BUFERHD seeking legal recourse

According to the law, persons who desire to participate in the National re-registration exercise are required to live at an address in Belize for a minimum of two months. Belizeans abroad are not able to meet this requirement whichhas caused the Belizeans United for Equal Rights at Home and Abroad, to say that it is being disenfranchised from re-registering. On Monday, July 2nd, during the official launching of the no to the ICJ campaign, President of BUFERHD Derek Aikman said that they will petition the government on the matter and if the government does not respond favorably, they are prepared to seek legal recourse. Today, Arthur Saldivar confirmed that he was sought by the Organization to find someone who can put together a legal case on their behalf.

Arthur Saldivar, Attorney and Aggrieved PUP Member: I was approached about this issue of looking closely at the discrimination that was being suffered by members of the diaspora. It was something that I believe really and truly have to be addressed. So since the initial interaction about the issue, the committee, I believe went and met with the Prime Minister and were told certain things. And after they were told this, then I was asked to find someone who could put together a legal case on their behalf. Certainly, I am a part of the process. We’ve been seeking to get specialized counsel, counsel specializing in constitutional matters. As you know, I am a criminal defense attorney primarily. I do understand and appreciate what the constitution portends and what it upholds, but that’s not the jurisdiction of my practice. But, I will do what I can to assist in every way I can because I do believe that it’s a breach of the fundamental rights and freedoms in relation to maintaining this artificial barriers of section 5 of representation of the People’s Act.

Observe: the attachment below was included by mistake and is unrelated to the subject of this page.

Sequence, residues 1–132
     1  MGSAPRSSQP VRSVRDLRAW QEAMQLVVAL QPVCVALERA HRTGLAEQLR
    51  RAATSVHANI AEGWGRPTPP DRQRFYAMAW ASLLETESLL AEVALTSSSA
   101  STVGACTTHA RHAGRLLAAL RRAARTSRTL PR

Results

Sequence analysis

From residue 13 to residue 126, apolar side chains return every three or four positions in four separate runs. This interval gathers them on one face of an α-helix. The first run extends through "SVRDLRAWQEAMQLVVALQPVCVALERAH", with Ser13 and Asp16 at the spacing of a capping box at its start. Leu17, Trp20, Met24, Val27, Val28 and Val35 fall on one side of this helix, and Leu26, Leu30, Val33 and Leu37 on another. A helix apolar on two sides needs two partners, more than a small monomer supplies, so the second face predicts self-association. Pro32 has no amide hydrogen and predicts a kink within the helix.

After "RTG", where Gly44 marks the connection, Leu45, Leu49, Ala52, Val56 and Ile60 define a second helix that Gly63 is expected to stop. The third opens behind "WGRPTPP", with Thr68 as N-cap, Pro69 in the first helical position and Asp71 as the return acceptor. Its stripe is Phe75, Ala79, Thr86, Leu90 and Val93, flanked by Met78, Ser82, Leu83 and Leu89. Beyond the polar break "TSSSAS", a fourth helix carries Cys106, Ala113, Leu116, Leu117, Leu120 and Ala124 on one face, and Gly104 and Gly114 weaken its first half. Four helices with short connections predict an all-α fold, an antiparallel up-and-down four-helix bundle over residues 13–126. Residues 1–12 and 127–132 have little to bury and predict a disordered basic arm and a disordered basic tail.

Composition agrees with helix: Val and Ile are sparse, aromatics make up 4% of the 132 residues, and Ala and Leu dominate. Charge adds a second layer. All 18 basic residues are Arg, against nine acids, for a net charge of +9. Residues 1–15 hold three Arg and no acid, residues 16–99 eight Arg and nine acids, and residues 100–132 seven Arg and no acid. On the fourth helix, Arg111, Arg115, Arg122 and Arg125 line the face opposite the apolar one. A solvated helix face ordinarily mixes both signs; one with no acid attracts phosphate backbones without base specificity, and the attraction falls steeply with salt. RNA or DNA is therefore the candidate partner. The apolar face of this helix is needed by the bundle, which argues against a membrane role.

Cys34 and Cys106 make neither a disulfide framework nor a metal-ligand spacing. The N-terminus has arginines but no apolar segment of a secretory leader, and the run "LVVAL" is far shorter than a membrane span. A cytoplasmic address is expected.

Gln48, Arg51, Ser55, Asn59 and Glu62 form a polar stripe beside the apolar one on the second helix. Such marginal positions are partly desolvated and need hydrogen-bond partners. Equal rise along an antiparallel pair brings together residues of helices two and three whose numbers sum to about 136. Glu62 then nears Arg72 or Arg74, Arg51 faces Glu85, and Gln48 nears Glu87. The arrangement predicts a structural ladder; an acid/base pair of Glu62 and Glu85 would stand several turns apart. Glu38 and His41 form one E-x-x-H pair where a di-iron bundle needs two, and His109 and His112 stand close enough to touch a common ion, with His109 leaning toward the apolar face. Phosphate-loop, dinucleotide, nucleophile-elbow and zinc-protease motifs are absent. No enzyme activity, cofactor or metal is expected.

Saldivar went on to say that according to the Constitution  a person born in Belize and living  abroad has the same fundamental rights as a person born in Belize and living in Belize. According to Saldivar, the matter must be looked at from a position of fairness and what justice requires.

Arthur Saldivar, Attorney and Aggrieved PUP Member: The legislation does not trump or supersede the constitution. And where you have your fundamental rights and freedom, there is an expectation that you are to exercise the most fundamental right of a Belizean once you reach the age of majority, the age of 18, you are to be able to vote. Now, there is nowhere in the constitution where it is qualified that a person born in Belize and living in Belize is to be treated any differently than a person born in Belize and living abroad. If there was such a qualification to the constitution then it would be understood that Section 5, the whole ordinarily resident clause, that it would apply. But there is no such thing, what make matters worse is that every election we know that persons from Guatemala who carry Belizean Passport and Voters ID come to vote on Election Day. They would not be fulfilling the criteria of the Section 5 as well since they would not have been ordinarily resident in Belize, because if you are ordinarily resident in Belize, Why are you coming across the border to vote? So you cannot have it, for one group they are barred and prohibited from the electoral process and for another group it’s not even a concern. We have to look at this thing from a position of fairness and what justice requires. Discrimination is something that the constitution prohibits, there is a protection against discrimination. I believe its Section 17 of our constitution that lays that out and this is a highly discriminating practice.

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